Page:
Sometimes, a bad impression is a bad impression, and no amount of excuses, explanations, orclever recovery strategies can change that. In these rare but painfully uncomfortable situations, the best way to get back into the good graces of a colleague is to simply do better in the future. Instead of spending time worrying about the impression you made, focus on being a valuable asset to your team and doing everything you can to knock the socks off your peers and managers. (Think: Kill ’em with kindness meets over-achiever.) In time, your stellar accomplishments will overshadow your slip-up.

Unfortunately, an awkward or embarrassing slip-up doesn’t always have an instant fix. It takes time and hard work to reinvent yourself and the way others see you—but it’s definitely within your reach. Be patient and remember that you’re in good company: Everyone—yes, everyone—has been in your shoes at one point or another. There’s no use in beating yourself up, so focus on moving forward, one step at a time.

Can you bring extra carry-on if you’re going to prison?

Sometimes, I have really entertaining IM conversations. This one starts off slowly, but stick with it.  Quality increases toward the middle. If you know me and my friend, who I’ve chosen to keep anonymous, this is much funnier. If you don’t know us, I’m sorry, because we are awesome.


ru there?




want to hear something weird?




im at the airport

and im looking at a guy that im pretty sure is being transported from prison




he has handcuffs


no way


with two cops

dressed in regular clothes, but i can see their bullet proof vest


that’s crazy. i’ve never ever seen anything like that.


me neither. one cop is reading a book.

a child is playing near the person




i want to take a picture







flash off


i’ll try

ok. sent.


oh wait the cops are in regular clothes? i wonder if they’re bounty hunters. or something.


what the heck is a bounty hunter?


um did you never watch Dog the Bounty Hunter??

they find the people in ‘wanted’ posters like private investigators and bring them to justice


oh man….maybe it is a bounty hunter then




i’m stalking like a creeper




face danger right in the face




starting with the bounty hunters



enter man in shackles

seinfeld episode born


done and done


i don’t think anyone else sees this situation


if your life was a tv show and not real, you’d totally be going “psst” to the cops to wink at them and let them know you’re on their side



i’ll just give a big thumbs up


overexaggerated ‘ok’ sign


– ding –

wink of the eye

what if he is on my flight?


maybe they’re US Marshalls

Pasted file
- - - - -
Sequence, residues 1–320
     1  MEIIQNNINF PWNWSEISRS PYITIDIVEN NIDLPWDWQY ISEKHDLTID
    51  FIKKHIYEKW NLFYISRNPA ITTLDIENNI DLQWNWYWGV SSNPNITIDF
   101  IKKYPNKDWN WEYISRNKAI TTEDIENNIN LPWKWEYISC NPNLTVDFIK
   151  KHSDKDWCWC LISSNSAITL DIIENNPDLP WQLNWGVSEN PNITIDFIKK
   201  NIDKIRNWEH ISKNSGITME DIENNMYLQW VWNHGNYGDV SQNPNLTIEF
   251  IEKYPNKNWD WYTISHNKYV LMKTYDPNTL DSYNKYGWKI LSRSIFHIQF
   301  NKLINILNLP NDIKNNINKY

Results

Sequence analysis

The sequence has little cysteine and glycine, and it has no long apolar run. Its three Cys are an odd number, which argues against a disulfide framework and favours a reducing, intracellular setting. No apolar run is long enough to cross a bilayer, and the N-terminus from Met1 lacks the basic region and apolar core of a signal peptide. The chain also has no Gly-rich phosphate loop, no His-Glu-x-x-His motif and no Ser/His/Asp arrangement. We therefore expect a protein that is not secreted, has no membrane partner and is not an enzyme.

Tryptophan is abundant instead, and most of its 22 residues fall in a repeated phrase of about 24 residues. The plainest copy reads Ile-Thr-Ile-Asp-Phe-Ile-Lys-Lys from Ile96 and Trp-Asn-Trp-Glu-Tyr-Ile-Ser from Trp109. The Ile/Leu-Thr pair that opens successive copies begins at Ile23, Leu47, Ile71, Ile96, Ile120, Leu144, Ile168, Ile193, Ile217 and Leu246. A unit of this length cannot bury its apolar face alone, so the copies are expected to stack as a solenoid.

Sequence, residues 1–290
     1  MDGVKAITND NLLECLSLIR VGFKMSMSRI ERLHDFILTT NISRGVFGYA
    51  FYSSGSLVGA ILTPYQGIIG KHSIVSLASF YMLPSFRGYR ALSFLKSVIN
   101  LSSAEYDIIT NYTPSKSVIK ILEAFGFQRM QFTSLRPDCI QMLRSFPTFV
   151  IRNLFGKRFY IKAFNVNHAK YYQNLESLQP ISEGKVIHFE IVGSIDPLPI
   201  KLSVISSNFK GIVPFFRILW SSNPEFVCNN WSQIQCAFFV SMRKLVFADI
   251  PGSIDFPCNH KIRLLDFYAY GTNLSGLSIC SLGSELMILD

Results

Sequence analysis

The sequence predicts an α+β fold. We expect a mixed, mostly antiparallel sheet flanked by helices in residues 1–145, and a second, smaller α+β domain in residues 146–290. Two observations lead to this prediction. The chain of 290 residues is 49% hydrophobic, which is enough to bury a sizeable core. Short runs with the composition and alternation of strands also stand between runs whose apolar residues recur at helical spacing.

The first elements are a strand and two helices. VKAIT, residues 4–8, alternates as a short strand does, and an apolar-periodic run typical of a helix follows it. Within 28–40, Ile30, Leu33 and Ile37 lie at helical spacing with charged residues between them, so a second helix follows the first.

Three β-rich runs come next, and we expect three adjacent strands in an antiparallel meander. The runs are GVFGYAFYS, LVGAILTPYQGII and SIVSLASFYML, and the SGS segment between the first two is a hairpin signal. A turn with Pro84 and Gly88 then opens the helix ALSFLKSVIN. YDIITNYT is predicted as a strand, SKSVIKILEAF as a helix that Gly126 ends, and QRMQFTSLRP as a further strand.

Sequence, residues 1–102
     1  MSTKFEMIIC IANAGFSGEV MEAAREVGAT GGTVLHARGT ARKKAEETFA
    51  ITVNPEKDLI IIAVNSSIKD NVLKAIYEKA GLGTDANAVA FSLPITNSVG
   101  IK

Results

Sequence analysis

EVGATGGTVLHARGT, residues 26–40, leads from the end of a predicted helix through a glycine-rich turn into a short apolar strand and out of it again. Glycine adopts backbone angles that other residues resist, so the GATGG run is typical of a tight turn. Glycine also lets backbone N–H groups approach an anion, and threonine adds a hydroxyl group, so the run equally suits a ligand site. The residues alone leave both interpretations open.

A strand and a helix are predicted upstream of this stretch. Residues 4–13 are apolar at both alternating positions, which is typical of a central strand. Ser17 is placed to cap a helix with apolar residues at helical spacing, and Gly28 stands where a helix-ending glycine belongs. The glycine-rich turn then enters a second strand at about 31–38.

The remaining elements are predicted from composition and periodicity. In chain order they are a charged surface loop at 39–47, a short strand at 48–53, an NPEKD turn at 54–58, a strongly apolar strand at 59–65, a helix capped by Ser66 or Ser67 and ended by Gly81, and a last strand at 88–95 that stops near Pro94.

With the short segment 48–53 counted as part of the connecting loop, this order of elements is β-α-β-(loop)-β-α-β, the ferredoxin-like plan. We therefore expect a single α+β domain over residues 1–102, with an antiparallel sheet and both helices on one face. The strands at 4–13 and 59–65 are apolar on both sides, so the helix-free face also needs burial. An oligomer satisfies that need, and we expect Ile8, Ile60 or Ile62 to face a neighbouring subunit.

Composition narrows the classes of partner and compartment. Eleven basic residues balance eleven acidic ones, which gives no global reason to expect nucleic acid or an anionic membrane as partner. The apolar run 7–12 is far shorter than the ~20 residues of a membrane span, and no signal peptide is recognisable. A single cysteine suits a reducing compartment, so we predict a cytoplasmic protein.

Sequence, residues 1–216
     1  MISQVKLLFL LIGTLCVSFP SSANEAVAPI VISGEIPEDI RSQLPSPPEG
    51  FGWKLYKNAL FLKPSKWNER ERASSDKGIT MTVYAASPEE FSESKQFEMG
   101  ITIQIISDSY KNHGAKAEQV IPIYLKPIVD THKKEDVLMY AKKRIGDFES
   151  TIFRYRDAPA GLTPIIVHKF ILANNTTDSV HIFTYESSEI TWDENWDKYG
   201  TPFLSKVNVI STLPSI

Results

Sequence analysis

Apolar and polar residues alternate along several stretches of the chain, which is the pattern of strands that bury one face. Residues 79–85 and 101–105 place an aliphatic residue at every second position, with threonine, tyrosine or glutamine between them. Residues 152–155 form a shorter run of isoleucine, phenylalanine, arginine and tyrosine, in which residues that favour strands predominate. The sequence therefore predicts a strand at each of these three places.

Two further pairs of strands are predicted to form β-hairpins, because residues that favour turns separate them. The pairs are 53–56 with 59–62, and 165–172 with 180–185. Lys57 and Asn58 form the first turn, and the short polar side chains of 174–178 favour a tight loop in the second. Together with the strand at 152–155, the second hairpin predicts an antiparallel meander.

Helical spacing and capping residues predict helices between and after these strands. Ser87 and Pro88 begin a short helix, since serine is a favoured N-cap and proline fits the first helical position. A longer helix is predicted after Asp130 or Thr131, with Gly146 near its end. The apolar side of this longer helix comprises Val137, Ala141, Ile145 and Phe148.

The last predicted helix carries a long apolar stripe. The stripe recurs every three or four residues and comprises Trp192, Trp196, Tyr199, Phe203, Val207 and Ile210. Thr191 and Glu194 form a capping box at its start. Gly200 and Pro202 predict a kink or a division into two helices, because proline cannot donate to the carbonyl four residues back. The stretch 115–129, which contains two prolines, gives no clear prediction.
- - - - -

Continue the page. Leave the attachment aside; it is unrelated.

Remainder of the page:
that would be legit!

then i could be on 20/20



i should move so i stop staring


i wonder how they got thru security



should i ask?


i got a few questions for ya


starting with: what book are you reading, officer?


Can you give me a hand with this? no? oh, you’re shackled…


can u watch my bag a second…oh wait ur already watching a human

my bad




i wish this was all made up


i’m so glad it’s not.


Can you bring an extra carry-on if you’re going to prison?


for an extra $25


will they feed him peanuts by hand mid-flight? or does he go without?


does he get shackled to his seat?


and, does he get bathroom breaks?


someone definitely has to adjust the AC for him


do they unshackle him if there’s an emergency landing i wonder?

cause he can’t use his seat bottom cushion for flotation otherwise


he prob cant have an emergency exit seat

he is both unwilling and unable to assist


i’m crying


so am i

but im at the airport

looking at him

and laughing


i wonder if there’s an extent of criminal at which you can’t go on a public flight?


who knows

im so confused



he actually might be on my flight


this is a justifiable use of the word epic


true story


i need so many details if he’s actually on your flight


yesterday i saw a girl walking down the street in stilts

now this


i got the pic

it’s prob a misdemeanor that you took that

i’m doing a googleimage search with the convicts face 

hang on


a pic of a baby came up as a match. fail.




and a puppy


which was closer? the puppy or the baby?



def puppy



poor puppy


i really wonder how many other people at the airport have bullet proof vests?


and i’m just still curious how they got thru security…

-end scene-